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Snuffer’s Take on Polygamy

Denver Snuffer has generated a bit of controversy on the bloggernacle lately, though I suspect your average member has never heard of him.  My post Is Excommunication Useful? got over 300 comments, and Tim Malone’s Q&A about Snuffer also got over 300 comments.  One Who is Watching noted “an obscene amount of traffic to my site” when he advertised that he was going to do a review of Snuffer’s book Passing the Heavenly Gift, the book that got Snuffer excommunicated.  Well, the Watcher is dragging out his review, though he did post bullet points to 25 things he found wrong with the book.  He is creating a PDF, and I’m sure it won’t be short nor concise–Watcher never is.

I first became acquainted with Snuffer when John Dehlin interviewed him on Mormon Stories.  John called Denver “A Progressive, Fundamentalist, Non-Polygamist Mormon Lawyer Who Claims to Have Seen Christ.”  I transcribed the last 20 minutes of the interview in which Denver claimed to talk with angels.  I’ve read about 40% of Snuffer’s newest book Passing the Heavenly Gift–the book that got him excommunicated.  This book addresses church history, not angels (at least so far), and I’d like to give some initial impressions.  In today’s review, I’d like to talk about Snuffer’s position on D&C 132, which I think many of you will find tremendous agreement with.  Snuffer introduces his controversial book this way:

Mormonism has undergone four distinct phases. The first began in 1820 and ended with Joseph Smith’s death in 1844. The second began upon Joseph Smith’s death and ended with abandonment of plural marriage, publicly in 1890 and privately in 1904. In the third phase Mormonism denounced as apostasy its practice of plural wives, marking the first time an orthodox practice became grounds for excommunication. The fourth phase began with David O. McKay and is still underway. In it Mormonism has adopted corporate management techniques to consolidate and direct central church decision-making.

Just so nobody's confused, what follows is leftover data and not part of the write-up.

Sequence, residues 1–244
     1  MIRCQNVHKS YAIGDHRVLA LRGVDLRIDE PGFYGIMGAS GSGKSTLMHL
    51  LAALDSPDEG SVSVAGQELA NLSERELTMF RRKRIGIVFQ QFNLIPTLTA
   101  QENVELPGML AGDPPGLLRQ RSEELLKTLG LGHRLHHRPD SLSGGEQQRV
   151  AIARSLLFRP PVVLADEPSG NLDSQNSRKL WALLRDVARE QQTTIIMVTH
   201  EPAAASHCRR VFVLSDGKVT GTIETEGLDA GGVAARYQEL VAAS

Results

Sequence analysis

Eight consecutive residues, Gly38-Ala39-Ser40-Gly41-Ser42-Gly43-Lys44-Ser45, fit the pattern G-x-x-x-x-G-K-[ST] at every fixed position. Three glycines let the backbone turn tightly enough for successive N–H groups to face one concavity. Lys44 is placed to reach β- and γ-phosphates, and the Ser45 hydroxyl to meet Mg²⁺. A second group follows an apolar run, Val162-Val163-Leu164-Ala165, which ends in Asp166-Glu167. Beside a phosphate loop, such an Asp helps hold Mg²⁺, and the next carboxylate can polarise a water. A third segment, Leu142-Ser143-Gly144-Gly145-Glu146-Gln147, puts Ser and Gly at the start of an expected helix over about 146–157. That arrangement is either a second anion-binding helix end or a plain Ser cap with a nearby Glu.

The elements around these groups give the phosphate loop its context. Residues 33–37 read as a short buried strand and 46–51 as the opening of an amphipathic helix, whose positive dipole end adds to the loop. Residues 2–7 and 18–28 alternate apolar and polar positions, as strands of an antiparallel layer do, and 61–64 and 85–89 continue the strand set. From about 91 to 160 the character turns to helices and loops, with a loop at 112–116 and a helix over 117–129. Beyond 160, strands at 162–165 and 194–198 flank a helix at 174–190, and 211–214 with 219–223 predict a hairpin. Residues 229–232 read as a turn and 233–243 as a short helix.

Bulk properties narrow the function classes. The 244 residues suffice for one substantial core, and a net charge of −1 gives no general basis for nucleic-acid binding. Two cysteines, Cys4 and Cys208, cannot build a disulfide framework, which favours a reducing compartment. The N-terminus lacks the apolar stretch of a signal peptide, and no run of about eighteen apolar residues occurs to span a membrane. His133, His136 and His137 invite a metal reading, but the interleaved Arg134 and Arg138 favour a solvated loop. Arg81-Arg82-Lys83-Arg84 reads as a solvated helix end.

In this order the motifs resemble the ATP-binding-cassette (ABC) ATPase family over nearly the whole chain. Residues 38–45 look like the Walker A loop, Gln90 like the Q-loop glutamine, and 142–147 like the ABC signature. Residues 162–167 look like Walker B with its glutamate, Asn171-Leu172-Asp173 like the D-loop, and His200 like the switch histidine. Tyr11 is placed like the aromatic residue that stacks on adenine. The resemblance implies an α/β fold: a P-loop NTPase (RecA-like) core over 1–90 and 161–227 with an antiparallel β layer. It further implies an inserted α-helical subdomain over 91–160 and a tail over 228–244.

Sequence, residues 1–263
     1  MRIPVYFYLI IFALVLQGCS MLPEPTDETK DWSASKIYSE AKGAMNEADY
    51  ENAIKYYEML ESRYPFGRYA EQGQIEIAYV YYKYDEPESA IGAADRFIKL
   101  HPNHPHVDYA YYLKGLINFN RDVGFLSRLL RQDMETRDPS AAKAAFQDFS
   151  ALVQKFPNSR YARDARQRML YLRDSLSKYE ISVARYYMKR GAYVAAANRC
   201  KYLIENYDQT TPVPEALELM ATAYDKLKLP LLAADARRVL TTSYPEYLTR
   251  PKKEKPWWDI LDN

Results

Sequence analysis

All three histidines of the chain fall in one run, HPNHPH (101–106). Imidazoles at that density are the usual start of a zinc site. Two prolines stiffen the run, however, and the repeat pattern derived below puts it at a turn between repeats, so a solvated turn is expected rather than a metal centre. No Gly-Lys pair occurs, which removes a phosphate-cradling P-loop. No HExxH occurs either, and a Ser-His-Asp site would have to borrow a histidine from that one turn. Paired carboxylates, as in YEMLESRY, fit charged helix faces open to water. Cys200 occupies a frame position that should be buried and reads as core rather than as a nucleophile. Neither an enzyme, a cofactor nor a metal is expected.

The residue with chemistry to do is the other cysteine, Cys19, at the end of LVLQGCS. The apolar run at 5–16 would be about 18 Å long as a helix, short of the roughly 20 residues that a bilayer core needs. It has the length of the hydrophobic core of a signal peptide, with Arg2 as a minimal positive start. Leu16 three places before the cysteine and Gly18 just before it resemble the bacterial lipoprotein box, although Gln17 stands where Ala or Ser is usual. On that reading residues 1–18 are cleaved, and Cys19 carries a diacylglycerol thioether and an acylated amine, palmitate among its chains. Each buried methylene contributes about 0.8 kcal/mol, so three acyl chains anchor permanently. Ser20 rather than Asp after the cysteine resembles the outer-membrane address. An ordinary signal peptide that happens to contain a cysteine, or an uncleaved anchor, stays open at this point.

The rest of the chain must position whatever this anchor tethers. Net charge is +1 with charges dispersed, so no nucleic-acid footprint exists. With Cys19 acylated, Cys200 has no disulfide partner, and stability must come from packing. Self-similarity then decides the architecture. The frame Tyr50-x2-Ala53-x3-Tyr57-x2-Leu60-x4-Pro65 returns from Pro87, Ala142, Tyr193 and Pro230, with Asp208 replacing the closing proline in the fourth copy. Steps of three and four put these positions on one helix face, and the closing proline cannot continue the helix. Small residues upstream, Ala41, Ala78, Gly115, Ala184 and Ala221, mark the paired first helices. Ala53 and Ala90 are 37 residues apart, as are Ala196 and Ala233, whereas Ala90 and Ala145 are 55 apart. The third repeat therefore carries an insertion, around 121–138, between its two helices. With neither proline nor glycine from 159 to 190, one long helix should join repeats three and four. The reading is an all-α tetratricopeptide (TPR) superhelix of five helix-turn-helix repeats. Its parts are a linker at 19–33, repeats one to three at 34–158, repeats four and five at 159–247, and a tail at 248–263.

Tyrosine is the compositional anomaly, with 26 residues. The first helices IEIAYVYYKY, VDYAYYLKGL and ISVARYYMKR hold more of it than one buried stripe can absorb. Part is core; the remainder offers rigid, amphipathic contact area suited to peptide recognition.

Denver says that anyone can write history, and he is as qualified to write history as the next guy.  While he does refer to Mormon Historians like Richard Bushman, Michael Quinn, and Polly Aird (to name a few), Snuffer’s opinions don’t always mesh with “traditional” history.  For example, most historians (and even the D&C) state that the earliest revelations on polygamy date to about 1831.  The heading to D&C 132 says

Although the revelation was recorded in 1843, evidence indicates that some of the principles involved in this revelation were known by the Prophet as early as 1831. See Official Declaration 1.

Most historians believe that Joseph’s translation of the Bible in 1831 caused him to wonder about Old Testament polygamy; however, Snuffer pushes back the timeline a bit.  He notes that Joseph translation of the Book of Mormon has Jacob talking about polygamy. Snuffer quotes an 1872 address by Brigham Young stating

[While] Joseph and Oliver were translating the Book of Mormon, they had a revelation that the order of Patriarchal marriage and the Sealing was right.  Oliver said unto Joseph, “Br. Joseph, why don’t we go into the Order of Polygamy, and practice it as the ancients did?”

Pushing the revelation to 1829 during the Book of Mormon translation process is an interesting proposition, and I don’t know why traditional Mormon historians don’t give this more credence other than the fact an 1872 quote isn’t as good as a contemporary (say 1830) quote.  But what I find interesting is that Snuffer claims that Brigham conflated plural marriage with eternal marriage, making plural marriage a requirement when it was never supposed to be.  Snuffer claims that D&C 132 was written in 1843, but it was actually a combination of 4 revelations.  From page 154, Snuffer writes

Section 132 is not a single revelation, but instead contains several revelations received at different times separated by years between them.  Since none of them had previously been reduced to writing, when it was finally written in July 1843, all of them are set out as a single narrative.  The first revelation included only the announcement of the possibility of an eternal marriage covenant, and an answer to the inquire about Abraham, Isaac, Jacob, Moses, David, and Solomon’s multiple wives.  A subsequent revelation (vs. 45-50) approves Joseph’s “sacrifices,” [verse 50] confirms his “exaltation,” [verse 49], and confers the power to “seal on earth…and in the heavens.[verse 46]”    Between the first portion and the second of these recorded verses, there was another unwritten revelation.  In it Joseph had been commanded to take plural wives.  He obeyed, and merited the sealing power by his obedience and sacrifice.  He had offered what was necessary to be able to lay hold upon eternal life.[footnote references Lectures on Faith]